Crown Resort’s VIP revenue plummeted 45.3 percent in the first half of the year, according to the company’s first earnings call since 18 of its staff were arrested in China for alleged “gambling crimes.”
The drop in Chinese high-roller business drove down overall normalized profit by 9.1 percent on the corresponding year, the company said Thursday.
The staff members were detained in October 13 and 14 in at least four cities across the country, apparently for marketing Crown’s services in Macau to VIP’s on the mainland.
Despite a deadline for charges to be filed under Chinese law having long passed, they remain under arrest, without charges, at the Number One Detention Center in Shanghai.
Their fate remains unknown, but during the call Thursday, Crown was at the very least able to offer, for the first time, some clarity about the financial impact of the arrests.
Clarity on China
“We’re in a different situation now … because of what happened in China and we’re waiting to see how that plays out before we resume traditional marketing in the region,” said Executive Chairman John Alexander. “We’re in a holding pattern.”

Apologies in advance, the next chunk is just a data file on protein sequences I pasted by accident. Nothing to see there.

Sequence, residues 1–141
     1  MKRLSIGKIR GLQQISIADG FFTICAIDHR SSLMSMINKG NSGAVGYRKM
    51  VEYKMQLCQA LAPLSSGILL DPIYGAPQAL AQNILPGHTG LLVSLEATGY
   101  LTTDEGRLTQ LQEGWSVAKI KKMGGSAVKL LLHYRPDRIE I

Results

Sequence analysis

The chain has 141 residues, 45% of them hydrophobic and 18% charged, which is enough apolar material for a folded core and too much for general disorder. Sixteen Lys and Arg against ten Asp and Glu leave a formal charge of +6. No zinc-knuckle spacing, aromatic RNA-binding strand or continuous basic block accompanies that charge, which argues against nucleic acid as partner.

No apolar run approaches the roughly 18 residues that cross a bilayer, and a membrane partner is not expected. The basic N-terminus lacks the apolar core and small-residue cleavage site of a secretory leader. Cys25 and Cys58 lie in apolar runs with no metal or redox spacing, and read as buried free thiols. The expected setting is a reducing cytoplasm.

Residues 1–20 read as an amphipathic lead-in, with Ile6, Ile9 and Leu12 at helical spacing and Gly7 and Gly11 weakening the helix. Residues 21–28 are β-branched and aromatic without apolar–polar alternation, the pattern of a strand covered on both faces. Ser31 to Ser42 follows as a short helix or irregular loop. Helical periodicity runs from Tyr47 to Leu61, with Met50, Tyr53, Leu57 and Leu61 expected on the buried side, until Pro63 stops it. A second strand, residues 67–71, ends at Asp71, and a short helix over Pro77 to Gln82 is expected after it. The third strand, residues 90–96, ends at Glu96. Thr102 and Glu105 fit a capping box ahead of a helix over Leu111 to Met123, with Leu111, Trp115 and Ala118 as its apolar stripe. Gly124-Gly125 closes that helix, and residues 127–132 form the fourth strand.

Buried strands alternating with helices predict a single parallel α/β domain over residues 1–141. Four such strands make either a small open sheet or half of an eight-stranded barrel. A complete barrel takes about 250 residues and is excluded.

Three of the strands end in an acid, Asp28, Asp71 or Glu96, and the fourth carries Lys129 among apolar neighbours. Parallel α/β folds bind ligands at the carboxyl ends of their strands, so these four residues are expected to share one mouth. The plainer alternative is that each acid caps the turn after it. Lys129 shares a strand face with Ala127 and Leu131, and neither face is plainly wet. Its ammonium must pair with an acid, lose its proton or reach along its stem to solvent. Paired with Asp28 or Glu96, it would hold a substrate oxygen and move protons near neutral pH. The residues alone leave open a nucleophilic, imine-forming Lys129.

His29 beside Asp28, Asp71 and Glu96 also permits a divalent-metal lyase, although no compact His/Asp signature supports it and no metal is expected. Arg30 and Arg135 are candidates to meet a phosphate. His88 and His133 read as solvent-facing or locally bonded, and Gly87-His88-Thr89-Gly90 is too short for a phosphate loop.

“Frankly, we look at that as a pause rather than a retreat,” he added. “We are waiting for clarity on China and the details behind that, but no intention to retreat from where we stand in the market.”
But the arrests prompted the company to rein in its global expansion plans. Shortly afterwards it reduced its stake in Macau through the sale of $1.2 billion-worth of shares back to Melco Crown, the company through which it operates Macau casinos jointly with Lawrence Ho.
It also initiated a complete shake-up of the board, which had been criticized in the wake of the arrests, with James Packer returning.
On Thursday, it was announced Alexander, a Packer loyalist who was named chairman last month, will also take over the CEO role from Rowen Craigie next week, as the company refocuses on domestic operations.
Crown Resorts is also facing a class action lawsuit over the arrests, led, on behalf of shareholders, by law firm Maurice Blackburn. It’s their contention that the company knew its VIP strategy in China was risky and it should have communicated this to shareholders.
Shortly after the news of the detentions, Crown’s shares fell 14 percent in one day, wiping more than $1.3 billion off the company’s market value.
Stock rebounded by 8.9 percent on Thursday, to their highest level since the arrests, following the news that Crown would be paying shareholders a special dividend of 83 Australian cents per share.